HealthDay News — More than 100 American colleges will require that students get COVID-19 vaccines if they want to be on campus in the fall, a new survey shows.

More than 660,000 cases have been linked to universities since the start of the pandemic, with one-third of those reported since Jan. 1, The New York Times reported. And COVID-19 outbreaks still plague some campuses, even as students have become eligible for vaccines. Salve Regina University in Rhode Island canceled all in-person events for at least a week after more than 30 students tested positive in seven days. Meanwhile, Wayne State University in Detroit suspended in-person classes and on-campus activities in early April.

Schools including DePaul University, Emory University, and Wesleyan University are requiring all students to be vaccinated, The Times survey revealed. Others have said they are requiring athletes or those who live on campus to get a shot. Most are allowing medical, religious, and other exemptions.


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At least two dozen colleges, including those in California’s public university system, said that they would require shots once the U.S. Food and Drug Administration gives full approval for the three COVID-19 vaccines currently approved for emergency use in the United States, The Times reported.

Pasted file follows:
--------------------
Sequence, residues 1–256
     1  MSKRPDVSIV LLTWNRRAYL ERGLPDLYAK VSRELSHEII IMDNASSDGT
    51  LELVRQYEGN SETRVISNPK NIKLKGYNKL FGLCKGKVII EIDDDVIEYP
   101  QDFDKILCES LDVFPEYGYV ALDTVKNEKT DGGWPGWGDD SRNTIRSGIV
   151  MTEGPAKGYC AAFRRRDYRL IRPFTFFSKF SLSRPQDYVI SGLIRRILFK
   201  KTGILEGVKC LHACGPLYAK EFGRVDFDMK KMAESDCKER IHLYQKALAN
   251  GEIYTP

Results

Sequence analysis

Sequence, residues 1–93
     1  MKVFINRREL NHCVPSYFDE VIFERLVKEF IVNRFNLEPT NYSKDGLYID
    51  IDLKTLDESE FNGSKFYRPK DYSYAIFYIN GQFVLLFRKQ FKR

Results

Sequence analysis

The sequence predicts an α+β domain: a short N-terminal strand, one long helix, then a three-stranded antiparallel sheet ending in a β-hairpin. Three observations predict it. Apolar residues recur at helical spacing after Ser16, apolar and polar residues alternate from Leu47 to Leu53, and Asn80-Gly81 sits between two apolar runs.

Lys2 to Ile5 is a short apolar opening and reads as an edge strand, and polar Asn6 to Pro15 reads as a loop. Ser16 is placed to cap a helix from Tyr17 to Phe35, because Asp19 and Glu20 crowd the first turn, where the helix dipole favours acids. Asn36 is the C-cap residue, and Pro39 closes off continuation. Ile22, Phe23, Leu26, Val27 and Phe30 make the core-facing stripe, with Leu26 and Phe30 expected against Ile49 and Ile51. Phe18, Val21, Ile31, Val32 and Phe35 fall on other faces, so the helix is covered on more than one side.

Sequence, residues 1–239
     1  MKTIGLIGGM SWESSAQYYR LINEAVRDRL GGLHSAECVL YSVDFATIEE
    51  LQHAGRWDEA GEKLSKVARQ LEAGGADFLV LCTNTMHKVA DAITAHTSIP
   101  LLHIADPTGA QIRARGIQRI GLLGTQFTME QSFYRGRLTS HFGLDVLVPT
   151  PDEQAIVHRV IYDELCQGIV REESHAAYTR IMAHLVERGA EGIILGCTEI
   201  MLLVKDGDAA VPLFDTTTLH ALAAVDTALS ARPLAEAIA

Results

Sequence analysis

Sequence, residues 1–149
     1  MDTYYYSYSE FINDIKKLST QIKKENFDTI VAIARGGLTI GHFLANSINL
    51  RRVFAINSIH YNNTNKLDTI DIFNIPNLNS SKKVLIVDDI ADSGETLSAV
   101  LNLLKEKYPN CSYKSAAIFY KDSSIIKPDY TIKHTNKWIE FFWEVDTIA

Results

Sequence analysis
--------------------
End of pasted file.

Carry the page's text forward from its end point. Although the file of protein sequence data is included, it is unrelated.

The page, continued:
Many schools that are not requiring vaccinations are instead offering incentives to encourage students to get their shots. Baylor University in Texas and Calvin University in Michigan have both announced that students who have been inoculated can skip mandatory COVID-19 testing, the newspaper said. The University of Wyoming is offering vaccinated students and staff members a chance to participate in a weekly drawing for prizes such as tickets to football or basketball games and Apple products. Employees who are fully vaccinated are eligible for a personal day off.

The New York Times Article